A reader asks, “What guidelines are there in Pagan religions for clergy in matters of confidentiality? I am an ordained Pagan priest, and a member of the community has come to me with a problem. If I get involved, someone will end up in jail. However, if I don’t speak out, someone else will continue to be victimized. I don’t want to violate anyone’s trust, but I can’t stand by and see someone hurt. How do you think I should proceed?”
You know, this is a slippery slope that clergy of all religions have walked for centuries. There is certainly a need for confidentiality with any religious leader. After all, if we, as clergy, are to offer effective counsel to those who ask for it, those folks have to know that we will not betray their confidence.
On the other hand, there’s the matter of doing what’s right. If someone is being harmed, and you know about it, most Pagan traditions would argue that you have a responsibility to speak up and put a stop to it.
When someone comes to me in confidence and asks to speak to me as a priestess, it’s typically because they need advice. They’re trying to decide what to do about a potential job change, they want to know if they should go back to school, they need help communicating with their spouse or partner more effectively, and so on. It’s rare that anyone has come to me with anything as dramatic as what you’re describing, but here’s what I would probably do in your circumstances.
First, I’d ask myself why the person chose to confide in me. Do they just want someone to talk to? Are they hoping I’ll offer advice? If someone is in danger – either the person I’m speaking with, or someone they know – and they’ve come to me with their concerns, it’s because they want help.
Next, I’d figure out the seriousness of the issue, and how it impacts the individual or the community at large. If someone comes to me and tells me they’ve just been diagnosed with a fatal disease, or that they’re in recovery for addiction, that’s no one’s business but their own. There is no reason to share that with anyone – and chances are that they just want someone to listen to them.
I’m happy to do that.
On the other hand, if someone were to come to me and tell me they know their neighbor is abusing a child, or that their brother has killed someone and hidden the crime, then we’re talking about not only an ethical and moral obligation here, but a legal one as well. While you can’t be forced to speak out, most traditions would argue that it’s your responsibility to do so.
Also, depending on what state you live in, there may be laws that require you to report certain situations, regardless of your status as an ordained clergy person. For example, in some states, anyone who has knowledge of the abuse of a child is required to report it to law enforcement, no matter who they are.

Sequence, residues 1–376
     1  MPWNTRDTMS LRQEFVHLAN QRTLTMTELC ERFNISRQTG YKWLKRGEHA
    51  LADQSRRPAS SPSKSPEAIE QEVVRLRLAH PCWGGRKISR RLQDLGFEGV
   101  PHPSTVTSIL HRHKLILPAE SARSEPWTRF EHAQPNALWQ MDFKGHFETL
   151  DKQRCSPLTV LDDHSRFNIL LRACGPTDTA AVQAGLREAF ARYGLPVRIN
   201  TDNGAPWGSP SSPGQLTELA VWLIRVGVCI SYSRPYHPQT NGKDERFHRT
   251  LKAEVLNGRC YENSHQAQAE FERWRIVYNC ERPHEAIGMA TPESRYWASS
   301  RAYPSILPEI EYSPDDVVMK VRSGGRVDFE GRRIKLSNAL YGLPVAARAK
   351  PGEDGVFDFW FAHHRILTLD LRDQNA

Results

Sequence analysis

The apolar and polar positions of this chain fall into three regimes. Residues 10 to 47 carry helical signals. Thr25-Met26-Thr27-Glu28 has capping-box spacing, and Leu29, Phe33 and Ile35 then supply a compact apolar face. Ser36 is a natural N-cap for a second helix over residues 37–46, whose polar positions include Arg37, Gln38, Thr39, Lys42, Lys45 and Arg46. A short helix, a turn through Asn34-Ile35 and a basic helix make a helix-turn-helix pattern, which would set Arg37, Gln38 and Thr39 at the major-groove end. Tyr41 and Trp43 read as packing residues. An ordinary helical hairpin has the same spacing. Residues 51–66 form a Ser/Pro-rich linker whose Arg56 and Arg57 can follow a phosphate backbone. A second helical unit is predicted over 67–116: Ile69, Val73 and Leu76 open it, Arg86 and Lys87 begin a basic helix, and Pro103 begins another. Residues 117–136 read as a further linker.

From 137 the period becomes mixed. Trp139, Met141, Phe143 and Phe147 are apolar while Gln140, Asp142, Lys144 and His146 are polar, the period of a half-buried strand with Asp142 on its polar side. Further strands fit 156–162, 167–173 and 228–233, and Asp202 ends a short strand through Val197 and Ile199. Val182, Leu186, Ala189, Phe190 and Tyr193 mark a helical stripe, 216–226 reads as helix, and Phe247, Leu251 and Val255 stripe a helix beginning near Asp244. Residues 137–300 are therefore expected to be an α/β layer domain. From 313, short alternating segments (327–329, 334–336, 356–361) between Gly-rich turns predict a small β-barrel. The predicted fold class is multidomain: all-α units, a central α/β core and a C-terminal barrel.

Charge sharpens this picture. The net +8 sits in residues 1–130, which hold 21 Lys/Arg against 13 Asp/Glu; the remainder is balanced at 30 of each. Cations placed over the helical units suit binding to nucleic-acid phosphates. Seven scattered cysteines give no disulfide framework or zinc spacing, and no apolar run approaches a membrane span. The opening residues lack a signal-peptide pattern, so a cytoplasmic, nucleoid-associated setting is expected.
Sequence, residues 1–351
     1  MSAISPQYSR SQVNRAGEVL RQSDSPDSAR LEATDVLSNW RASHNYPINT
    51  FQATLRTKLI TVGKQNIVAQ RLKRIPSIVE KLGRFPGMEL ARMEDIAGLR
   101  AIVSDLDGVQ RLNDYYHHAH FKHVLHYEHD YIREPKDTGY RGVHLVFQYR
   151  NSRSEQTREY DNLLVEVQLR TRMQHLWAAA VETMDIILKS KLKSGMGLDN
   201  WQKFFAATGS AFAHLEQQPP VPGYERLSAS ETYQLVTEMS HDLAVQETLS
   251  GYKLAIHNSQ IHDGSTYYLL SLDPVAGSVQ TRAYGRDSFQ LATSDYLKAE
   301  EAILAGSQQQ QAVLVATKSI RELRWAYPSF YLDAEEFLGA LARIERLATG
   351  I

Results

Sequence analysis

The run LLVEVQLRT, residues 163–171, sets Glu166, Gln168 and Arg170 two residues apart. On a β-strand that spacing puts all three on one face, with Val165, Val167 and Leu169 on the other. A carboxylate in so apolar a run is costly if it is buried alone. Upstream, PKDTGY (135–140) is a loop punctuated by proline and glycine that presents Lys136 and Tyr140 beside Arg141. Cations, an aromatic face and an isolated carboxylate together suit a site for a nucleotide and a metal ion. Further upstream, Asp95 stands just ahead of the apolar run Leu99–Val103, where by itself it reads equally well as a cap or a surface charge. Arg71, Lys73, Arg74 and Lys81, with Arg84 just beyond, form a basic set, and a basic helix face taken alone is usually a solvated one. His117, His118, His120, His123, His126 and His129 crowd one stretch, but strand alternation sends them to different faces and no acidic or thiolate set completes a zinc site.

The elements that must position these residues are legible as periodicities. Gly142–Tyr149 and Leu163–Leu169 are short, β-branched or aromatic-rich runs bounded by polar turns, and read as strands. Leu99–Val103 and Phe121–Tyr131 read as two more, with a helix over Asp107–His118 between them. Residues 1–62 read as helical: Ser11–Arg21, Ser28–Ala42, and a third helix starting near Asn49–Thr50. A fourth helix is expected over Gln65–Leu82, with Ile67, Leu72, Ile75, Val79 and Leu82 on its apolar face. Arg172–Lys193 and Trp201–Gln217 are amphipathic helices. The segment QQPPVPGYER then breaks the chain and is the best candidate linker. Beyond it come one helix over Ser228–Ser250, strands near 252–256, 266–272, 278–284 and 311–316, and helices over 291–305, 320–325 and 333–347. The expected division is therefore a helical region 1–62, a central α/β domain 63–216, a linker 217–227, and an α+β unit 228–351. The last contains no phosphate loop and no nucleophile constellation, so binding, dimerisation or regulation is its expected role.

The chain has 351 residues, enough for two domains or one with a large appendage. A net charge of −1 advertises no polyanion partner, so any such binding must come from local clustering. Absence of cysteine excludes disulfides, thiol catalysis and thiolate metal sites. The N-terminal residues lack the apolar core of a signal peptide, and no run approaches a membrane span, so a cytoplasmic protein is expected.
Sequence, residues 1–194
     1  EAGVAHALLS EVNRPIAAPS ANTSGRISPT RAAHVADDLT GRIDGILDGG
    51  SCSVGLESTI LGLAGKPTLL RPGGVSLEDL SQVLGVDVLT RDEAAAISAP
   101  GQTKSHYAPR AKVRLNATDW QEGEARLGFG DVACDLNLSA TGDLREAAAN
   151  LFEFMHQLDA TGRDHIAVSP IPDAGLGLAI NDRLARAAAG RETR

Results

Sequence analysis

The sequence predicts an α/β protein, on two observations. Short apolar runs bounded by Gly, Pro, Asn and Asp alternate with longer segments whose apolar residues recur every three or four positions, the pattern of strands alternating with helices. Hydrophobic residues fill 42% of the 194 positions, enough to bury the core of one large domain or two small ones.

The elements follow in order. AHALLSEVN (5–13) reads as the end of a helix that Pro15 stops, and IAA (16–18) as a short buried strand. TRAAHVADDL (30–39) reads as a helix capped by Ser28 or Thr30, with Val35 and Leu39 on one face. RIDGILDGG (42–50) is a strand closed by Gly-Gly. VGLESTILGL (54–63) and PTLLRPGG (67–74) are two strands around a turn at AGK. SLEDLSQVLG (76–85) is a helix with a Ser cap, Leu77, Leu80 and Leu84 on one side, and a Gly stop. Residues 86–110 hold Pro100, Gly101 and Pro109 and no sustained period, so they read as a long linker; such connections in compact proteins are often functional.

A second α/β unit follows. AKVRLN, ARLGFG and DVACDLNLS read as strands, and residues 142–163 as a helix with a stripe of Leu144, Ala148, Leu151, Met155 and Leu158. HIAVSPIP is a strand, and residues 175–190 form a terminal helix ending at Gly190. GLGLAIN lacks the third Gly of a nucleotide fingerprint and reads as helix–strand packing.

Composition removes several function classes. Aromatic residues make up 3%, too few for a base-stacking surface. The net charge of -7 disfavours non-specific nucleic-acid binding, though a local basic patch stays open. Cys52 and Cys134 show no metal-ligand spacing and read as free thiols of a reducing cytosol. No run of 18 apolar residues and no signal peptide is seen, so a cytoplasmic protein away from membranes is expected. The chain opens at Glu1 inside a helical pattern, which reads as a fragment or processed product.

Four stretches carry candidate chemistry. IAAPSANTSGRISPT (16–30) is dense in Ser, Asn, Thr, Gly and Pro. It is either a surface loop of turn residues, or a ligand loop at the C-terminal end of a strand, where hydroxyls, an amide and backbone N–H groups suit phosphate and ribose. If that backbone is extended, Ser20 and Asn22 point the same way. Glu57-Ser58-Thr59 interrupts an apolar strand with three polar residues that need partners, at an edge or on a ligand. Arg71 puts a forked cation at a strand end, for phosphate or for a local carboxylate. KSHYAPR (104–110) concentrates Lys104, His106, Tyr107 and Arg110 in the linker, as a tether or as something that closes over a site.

Finally, in any of the cases above, I would counsel the individual to seek help with law enforcement or other appropriate agencies. Perhaps you could sit with them and offer support while they make that phone call, or while they speak with social workers, and so forth. I’ve driven a battered woman and her children to a shelter, because she was afraid to do it herself, and couldn’t take that step on her own. Empowering someone else to ask for help is often what they need you to do.
There’s a great article from back in 1985 by Rev. Dr. Marie M. Fortune, in which she described the dilemma of a pastor who was made aware that a teenage girl in his congregation was being sexually abused by her father. Although the girl was terrified, the pastor told her how glad he was that she had come to him with this information. He also told her that although she didn’t want anyone to know what was happening to her, the only way to stop her father from hurting her was to get other people involved. After much discussion, she finally understood that if she wanted to be safe, other people had to help too – and she called Children’s Services from the pastor’s office. The father was charged and convicted, and later went into treatment. The girl herself was able to get counseling from a qualified mental health professional. The pastor was able to help the girl to help herself, and so did not violate the trust she had placed in him.
Certainly, I would say if you believe a crime is being or has been committed, you’ve got a responsibility to the victim to make sure they get help. Because not every case is the same, you’ll have to weigh the balance of your obligation for confidentiality against your role as a leader and helper of the community. It’s all part of being clergy, and it isn’t always easy. However, if you follow your ethical guidelines, and those of your particular tradition, you’ll be far better equipped to make the right decision.